Prison News

Editor of Turkish anarchist paper jailed for “terror propaganda”

The editor of Meydan Gazette in Istanbul was jailed for a year and three months on December 22nd for “propagandising the methods of a terror organisation” in a free-speech case which dragged on for nearly a year.

Hüseyin Civan and the Gazette were taken to court after an investigation by the Istanbul Chief Public Prosecutor over a December 2015 issue of the paper, which has supported Kurdish revolutionaries fighting in… Continue reading

London New Years Eve Prisoner Solidarity Demos

As is usually the case there are two prisoner solidarity demonstrations taking place in London this New Years Eve. North of the river London ABC are organising a noise demonstration starting at 8pm outside Pentonville Prison before moving on to HMP Holloway a short walk away. In South London another noise demonstration and speak out has been organised by a host of groups including London Campaign Against Police and State… Continue reading

This Black December

Banners are dropped across the first and fourth wings of the Korydallos Prison in Greece. Weeks earlier, prisoners, including hunger-striker Nikos Romanos, called for a “detonator for the restart of anarchist insurgency, inside and outside the prisons” in the stirring insurrectionist communique ‘For a Black December’. The banners ring true: “Insurrection is always timely”, as is proven by this Black December’s recent revolts. People have been hitting back at… Continue reading

Silhan Ozcelik’s imprisonment is another vicious example of today’s counter-insurgency

Silhan Ozcelik, an eighteen-year-old Kurdish woman from London, was sentenced to 21 months at the Old Bailey two days ago. Silhan’s conviction is the first in the UK against someone for attempting to fight alongside Kurdistan Workers Party (PKK).

The verdict comes within the wave of patriotism engulfing Europe after the Paris attacks on 13th November. State criminalisation and street violence against Asian people and migrants has disturbingly and unsurprisingly… Continue reading

‘Anything But A Crisis’ or How To Make A Prison Riot

As a crisis in our prison system intensifies, Saul Jay assesses the current state of the UK prison system, and how the situation is ripe for an explosion.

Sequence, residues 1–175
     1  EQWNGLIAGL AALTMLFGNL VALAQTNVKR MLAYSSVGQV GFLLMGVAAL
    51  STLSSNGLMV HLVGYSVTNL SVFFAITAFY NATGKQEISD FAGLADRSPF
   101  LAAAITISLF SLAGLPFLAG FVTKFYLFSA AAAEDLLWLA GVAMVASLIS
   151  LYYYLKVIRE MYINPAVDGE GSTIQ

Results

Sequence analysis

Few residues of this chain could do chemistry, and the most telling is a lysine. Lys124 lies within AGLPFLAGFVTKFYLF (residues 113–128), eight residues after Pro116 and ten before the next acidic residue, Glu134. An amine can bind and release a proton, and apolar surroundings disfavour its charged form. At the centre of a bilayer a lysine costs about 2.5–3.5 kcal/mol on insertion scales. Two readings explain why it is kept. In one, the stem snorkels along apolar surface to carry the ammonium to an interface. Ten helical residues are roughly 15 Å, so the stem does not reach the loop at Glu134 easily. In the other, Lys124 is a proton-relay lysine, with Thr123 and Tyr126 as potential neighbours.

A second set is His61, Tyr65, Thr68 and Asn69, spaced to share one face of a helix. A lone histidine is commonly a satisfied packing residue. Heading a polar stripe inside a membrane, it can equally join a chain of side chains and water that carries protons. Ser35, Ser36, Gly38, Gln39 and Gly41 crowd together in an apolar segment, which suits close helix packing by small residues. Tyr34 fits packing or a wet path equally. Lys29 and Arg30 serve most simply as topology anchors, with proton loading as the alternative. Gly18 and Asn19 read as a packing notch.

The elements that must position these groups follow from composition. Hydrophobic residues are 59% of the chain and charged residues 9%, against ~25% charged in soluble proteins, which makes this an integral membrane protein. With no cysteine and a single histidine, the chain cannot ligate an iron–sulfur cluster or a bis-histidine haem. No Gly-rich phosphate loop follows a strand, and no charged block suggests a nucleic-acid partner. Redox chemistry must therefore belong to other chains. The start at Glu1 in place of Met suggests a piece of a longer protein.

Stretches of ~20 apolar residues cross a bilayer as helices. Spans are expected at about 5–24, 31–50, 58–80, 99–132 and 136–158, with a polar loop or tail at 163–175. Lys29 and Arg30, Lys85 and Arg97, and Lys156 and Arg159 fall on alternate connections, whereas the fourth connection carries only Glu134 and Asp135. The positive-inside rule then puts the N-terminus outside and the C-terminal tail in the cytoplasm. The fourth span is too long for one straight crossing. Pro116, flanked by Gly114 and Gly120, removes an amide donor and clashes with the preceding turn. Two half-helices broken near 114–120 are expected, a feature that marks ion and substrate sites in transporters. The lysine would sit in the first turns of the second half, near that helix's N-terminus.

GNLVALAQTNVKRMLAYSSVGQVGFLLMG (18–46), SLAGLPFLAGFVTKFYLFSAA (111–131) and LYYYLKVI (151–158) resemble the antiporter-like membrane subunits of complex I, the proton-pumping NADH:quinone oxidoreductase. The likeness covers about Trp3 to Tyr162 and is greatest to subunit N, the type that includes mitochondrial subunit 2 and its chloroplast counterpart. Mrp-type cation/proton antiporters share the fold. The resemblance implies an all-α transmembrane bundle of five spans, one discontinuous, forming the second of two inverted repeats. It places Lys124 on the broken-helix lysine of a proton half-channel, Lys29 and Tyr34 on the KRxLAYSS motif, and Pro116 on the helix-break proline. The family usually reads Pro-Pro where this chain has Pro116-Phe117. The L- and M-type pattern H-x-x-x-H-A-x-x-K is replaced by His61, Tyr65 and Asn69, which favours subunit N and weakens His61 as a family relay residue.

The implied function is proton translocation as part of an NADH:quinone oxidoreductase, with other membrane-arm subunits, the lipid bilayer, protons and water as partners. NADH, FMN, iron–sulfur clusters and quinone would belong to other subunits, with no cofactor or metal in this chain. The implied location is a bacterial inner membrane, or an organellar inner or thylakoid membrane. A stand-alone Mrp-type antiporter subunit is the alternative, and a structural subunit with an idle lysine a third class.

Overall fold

Imagine you’re the Secretary of State for Justice– you’ve got a die-hard commitment to appearing ‘tough on crime’, which results in in a constantly rising prison population and in the same instant maintaining a neo-liberal commitment to efficiency and cost cutting. You’ve recently closed several prisons, resulting in massive staff layoffs.The remaining prisons that are left to you are dangerously over full and their budget is next to nothing. What do you do?

If you’re the kind of person who reads anarchist news websites, you’re unlikely to ever find yourself in a position anything like this. But it’s exactly the situation that Justice Secretary Chris Grayling has created for himself. And his solution is one only a Tory could love – ignore the overcrowding, staff the prisons with ‘reservist’ screws on zero hours contracts and continue to massacre the budget. Continue reading

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Books behind bars

Rob Ray talks to Lee Humphries, founder of prisoner support charity Haven Distribution, which specialises in educational literature Continue reading

Obituary: Herman Wallace

A tribute to the Angola Three member, who tragically died three days after his release from prison Continue reading

Attica Prison riot

(taken from Freedom, October 2011) It was inevitable that the 10th anniversary of 9-11 would be ubiquitous in September’s media, just as inevitably there would be scant coverage of a different, though still significant, anniversary of a rather different atrocity perpetrated on American soil on almost the same day 30 years earlier – the brutal ending of the Attica Rebellion.

For four days in September 1971 more than… Continue reading

‘Rehabilitation revolution’

A brave new outsourced world?

Another month of Coalition policy making gone by and more of the already tarnished veneer of the ‘Rehabilitation Revolution’ has peeled away to further reveal what we already knew: a) that the policy bares little or no resemblance to anything any rational person would consider to be in any way revolutionary; and b) the notion of the ‘rehabilitation’ of ex-prisoners was never really the core… Continue reading